For breakfast we ventured, en famille, to a rather grand cafe called the Miremont. On the outside window there is a photograph of King Alfonso XIII visiting the Miremont with his ‘young’ wife. I’m not fully boned up on Alfonso V13, nor entirely sure which country benefited from his beneficent rule, but it looks to me like this might be Mrs King II, or the younger trophy wife.

The maitre d’, told us proudly that Biarritz was once the ‘Queen of resorts and the resort of Kings’ and that it was once said that at teatime there were ‘fewer pastries than Queens and fewer rum babas that Grand Dukes’.

Well the Preens are not easily intimidated, so barging a few Barons out of the way and treading a couple of Earls underfoot, we made our way to our table. The thing about mixing with The Quality is that it doesn’t come cheap. The creamy rich cafe au lait came in at €5.90 a pop while the croissants were a bank busting €2.20 and the daughter’s orange juice or fruit presse was €6.60. But Grand Dukes don’t complain about l’addition and neither do the Preens when the food is this yummy.

The Miremont prides itself on its ‘cosy charm and grand style’ which is a tricky combination to pull off. As we are leaving the maitre d’, who the daughter described rather unfairly as an old goat (vielle chevre), told us that King Edward VII, used to stay every year at the Hotel De Palais, while ‘remaining faithful to the Miremont’s confections’ and of course remained faithful to the wife who cost him the throne. We were also shown the Royal Coat of Arms that was bestowed on the Miremont by Queen Victoria who apparently used to send Albert down to pick up the buns.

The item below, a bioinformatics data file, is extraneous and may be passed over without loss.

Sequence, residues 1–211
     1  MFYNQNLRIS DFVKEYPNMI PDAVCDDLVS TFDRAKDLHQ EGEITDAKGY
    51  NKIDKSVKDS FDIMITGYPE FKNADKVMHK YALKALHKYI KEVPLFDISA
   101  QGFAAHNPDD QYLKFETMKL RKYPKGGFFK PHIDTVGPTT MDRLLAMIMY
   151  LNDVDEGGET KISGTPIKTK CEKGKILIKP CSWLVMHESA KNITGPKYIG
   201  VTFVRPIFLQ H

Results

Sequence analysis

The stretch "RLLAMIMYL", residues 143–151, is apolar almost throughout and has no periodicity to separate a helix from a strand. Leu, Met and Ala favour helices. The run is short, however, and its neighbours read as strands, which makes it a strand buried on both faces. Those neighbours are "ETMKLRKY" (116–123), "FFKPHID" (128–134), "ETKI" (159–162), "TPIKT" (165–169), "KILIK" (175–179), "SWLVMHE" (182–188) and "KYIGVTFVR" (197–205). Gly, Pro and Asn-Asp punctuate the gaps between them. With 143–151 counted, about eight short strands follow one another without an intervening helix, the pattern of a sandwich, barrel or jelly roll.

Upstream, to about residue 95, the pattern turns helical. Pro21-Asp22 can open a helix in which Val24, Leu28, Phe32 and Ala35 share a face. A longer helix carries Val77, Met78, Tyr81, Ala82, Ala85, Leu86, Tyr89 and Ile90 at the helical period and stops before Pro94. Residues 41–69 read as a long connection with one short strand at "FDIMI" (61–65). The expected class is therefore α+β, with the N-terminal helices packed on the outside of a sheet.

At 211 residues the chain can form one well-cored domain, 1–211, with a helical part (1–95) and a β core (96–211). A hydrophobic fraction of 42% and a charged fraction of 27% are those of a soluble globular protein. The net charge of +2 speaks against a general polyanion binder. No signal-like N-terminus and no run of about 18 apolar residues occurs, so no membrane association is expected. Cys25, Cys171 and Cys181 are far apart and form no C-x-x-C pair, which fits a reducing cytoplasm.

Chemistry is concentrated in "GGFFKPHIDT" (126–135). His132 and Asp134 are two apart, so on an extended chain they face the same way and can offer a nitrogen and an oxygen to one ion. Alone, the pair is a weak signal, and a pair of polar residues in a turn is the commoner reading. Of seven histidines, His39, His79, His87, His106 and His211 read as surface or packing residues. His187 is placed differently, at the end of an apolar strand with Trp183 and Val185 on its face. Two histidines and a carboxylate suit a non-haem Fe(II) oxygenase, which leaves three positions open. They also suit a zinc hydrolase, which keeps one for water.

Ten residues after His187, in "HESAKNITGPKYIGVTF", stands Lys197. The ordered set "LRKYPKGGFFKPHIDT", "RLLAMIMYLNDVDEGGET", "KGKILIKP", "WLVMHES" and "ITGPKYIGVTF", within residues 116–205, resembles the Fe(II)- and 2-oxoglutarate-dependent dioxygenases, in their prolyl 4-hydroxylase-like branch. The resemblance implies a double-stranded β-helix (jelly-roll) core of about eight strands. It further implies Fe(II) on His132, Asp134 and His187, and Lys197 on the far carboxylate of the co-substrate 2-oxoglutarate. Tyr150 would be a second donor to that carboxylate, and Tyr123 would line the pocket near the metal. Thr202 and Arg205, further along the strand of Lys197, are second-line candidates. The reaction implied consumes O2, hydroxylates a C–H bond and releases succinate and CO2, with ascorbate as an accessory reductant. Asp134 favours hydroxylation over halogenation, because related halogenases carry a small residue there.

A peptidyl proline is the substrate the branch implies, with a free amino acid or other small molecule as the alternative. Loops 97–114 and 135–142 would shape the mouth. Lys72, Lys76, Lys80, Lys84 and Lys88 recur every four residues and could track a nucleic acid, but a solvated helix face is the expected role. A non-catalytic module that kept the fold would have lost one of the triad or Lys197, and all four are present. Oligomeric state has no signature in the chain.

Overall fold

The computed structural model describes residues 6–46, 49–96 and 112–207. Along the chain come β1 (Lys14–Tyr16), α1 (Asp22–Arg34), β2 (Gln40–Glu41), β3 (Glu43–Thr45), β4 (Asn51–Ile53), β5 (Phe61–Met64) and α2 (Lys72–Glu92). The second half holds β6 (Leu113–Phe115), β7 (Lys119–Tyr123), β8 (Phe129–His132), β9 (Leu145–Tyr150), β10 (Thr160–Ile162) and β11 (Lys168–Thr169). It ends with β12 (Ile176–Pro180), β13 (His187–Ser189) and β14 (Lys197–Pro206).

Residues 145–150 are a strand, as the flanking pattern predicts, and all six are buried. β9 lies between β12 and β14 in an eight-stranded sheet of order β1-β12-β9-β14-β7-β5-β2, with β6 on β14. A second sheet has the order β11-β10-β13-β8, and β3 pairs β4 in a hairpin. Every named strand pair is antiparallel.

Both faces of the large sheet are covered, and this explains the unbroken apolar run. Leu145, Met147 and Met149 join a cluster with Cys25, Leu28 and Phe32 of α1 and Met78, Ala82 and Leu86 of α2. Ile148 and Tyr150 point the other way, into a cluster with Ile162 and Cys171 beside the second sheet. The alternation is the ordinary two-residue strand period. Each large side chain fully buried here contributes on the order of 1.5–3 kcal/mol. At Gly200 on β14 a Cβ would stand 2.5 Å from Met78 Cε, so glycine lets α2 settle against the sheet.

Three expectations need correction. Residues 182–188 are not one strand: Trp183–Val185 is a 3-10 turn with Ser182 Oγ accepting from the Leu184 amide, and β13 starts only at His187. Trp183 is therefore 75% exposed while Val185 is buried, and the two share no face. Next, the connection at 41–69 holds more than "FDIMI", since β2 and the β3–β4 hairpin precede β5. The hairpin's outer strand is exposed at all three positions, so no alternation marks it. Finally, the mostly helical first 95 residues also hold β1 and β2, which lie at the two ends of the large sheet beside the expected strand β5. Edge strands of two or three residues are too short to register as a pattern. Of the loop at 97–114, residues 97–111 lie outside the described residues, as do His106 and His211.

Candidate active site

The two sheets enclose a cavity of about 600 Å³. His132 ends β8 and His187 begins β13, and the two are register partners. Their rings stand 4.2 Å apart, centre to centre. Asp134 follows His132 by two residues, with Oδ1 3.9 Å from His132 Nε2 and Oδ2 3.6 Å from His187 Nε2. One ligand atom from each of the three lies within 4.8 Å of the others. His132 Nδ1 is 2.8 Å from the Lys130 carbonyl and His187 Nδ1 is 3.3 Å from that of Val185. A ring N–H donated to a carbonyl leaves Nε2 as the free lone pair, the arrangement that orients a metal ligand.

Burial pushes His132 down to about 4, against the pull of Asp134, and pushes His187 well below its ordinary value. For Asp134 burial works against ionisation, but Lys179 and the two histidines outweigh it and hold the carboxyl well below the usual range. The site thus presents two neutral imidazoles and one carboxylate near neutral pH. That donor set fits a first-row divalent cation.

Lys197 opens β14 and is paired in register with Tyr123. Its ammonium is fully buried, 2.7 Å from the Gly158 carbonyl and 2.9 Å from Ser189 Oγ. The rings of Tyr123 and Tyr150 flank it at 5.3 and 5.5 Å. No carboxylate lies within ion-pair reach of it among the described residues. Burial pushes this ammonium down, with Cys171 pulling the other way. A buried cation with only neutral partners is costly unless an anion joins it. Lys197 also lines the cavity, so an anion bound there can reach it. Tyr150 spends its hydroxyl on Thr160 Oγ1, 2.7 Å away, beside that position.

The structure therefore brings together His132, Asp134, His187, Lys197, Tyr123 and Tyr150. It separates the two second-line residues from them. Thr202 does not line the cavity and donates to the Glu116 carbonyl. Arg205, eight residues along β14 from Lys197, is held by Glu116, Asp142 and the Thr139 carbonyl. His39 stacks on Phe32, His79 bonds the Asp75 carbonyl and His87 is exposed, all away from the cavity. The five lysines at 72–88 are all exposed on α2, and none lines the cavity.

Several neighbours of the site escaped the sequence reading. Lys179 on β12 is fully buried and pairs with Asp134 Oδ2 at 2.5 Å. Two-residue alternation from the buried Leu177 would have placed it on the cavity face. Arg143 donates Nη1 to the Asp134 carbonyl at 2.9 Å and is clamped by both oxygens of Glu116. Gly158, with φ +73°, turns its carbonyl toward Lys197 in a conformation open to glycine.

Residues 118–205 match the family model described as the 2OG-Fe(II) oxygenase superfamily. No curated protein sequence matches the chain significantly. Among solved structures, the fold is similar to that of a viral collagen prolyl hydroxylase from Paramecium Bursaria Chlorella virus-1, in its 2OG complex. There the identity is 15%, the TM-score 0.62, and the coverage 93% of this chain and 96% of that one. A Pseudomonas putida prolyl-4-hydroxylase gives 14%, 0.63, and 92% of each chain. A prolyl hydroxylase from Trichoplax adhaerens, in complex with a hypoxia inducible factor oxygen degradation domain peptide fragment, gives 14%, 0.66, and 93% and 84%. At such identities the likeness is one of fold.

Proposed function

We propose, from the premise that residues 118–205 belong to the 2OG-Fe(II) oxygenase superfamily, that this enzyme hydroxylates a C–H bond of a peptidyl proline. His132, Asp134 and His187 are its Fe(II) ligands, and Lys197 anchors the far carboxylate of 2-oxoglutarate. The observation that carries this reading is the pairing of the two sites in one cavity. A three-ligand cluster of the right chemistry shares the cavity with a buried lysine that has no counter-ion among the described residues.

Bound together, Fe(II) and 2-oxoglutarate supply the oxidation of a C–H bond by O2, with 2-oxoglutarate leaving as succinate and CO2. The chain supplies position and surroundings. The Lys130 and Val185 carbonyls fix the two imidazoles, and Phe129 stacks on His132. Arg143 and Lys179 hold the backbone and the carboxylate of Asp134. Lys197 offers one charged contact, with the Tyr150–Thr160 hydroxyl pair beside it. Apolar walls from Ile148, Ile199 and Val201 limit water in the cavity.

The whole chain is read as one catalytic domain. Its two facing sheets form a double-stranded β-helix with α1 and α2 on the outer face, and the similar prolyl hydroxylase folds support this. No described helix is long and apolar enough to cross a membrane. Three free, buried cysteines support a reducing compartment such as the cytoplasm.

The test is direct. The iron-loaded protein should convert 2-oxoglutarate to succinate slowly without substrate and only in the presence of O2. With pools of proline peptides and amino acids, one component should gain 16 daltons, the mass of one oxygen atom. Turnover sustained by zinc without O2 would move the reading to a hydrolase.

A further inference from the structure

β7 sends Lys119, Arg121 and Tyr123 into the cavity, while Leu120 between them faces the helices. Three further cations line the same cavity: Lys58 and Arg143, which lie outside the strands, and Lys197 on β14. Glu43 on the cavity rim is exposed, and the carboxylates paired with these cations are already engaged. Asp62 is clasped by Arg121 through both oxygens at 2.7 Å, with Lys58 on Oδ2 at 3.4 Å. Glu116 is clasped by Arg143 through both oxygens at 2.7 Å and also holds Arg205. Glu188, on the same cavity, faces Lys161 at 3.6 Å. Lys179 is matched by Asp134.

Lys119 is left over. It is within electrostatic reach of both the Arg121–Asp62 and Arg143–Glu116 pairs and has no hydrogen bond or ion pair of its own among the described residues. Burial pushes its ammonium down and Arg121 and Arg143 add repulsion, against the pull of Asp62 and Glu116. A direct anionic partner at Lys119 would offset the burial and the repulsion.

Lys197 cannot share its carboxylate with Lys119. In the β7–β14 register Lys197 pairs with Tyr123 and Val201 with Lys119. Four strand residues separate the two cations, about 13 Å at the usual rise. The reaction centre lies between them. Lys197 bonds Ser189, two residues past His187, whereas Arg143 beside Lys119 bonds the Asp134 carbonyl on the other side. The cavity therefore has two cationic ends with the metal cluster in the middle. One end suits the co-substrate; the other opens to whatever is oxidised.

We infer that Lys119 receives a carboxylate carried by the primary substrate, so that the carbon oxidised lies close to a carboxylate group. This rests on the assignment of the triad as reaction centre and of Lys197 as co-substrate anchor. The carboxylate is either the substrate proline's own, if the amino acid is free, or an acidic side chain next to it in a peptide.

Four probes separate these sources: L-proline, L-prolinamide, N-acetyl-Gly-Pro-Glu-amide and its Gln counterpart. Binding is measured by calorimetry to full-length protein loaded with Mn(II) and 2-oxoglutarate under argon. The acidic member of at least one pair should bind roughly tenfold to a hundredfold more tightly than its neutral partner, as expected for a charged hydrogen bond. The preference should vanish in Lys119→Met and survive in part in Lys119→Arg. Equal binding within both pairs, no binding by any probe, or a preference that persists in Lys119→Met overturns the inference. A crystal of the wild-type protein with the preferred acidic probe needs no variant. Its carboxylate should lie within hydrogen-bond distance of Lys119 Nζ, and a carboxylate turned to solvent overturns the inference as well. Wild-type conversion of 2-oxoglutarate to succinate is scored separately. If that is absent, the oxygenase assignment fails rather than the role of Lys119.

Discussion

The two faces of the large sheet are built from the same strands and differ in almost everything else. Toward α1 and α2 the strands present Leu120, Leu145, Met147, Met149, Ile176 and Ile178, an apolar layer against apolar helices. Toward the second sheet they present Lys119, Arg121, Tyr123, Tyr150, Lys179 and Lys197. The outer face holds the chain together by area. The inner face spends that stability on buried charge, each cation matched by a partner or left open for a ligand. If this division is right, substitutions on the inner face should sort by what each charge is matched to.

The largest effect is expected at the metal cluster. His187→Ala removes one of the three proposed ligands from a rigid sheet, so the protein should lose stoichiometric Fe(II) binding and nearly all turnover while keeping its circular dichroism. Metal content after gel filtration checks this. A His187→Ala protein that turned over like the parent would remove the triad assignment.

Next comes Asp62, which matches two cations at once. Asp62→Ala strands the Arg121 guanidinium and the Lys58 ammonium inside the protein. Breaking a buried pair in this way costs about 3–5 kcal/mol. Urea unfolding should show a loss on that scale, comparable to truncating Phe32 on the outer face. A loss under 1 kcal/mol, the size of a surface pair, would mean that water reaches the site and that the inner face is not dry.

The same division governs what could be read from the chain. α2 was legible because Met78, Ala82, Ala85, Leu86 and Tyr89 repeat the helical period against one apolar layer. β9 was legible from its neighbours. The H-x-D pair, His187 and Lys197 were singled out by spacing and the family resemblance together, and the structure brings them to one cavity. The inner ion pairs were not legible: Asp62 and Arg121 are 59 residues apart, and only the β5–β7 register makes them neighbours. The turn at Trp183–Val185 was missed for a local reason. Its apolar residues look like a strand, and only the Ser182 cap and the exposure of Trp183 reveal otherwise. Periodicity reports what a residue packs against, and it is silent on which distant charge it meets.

Bumper crop: Urban market garden

Bumper crop: Urban market garden

Green-fingered Mrs Preen is responsible for a bumper crop in our modest market garden this year. I guess the industrial strength sunshine may have helped a bit too.

Favourable Spring weather, meant the tomato plants went in early and as you can see from the pictures, we are overwhelmed by the little beauties.

The cucumber plant we call the chicken plant; it lays a new cucumber every day. They sprout so fast, I swear you can see them growing.

Peppers are tricky in our temperate climate and we are only growing them this year because we were gifted a free plant, but as we now live in what seems like Southern California rather than Southern London we have four incubating.

We are growing broad beans following a project management cock up at the highest level. Mrs Preen meant to order runner beans, but because of an administrative error scored broad beans instead. Now I love a broad bean as much as the next man, but they are tricky to grow and are suffering as they went unwatered for a week while we were away. The poor loves seem to be bouncing back, but broadly speaking, there’s not much bean action.

The only ne’er-do-well, lazy backsliders in our garden are the strawberry plants. Beautiful, healthy looking specimens they may be, but totally unencumbered by any fruit. Shape up strawberries, or you’ll be ripped up by the roots. It’s survival of the fittest round our way.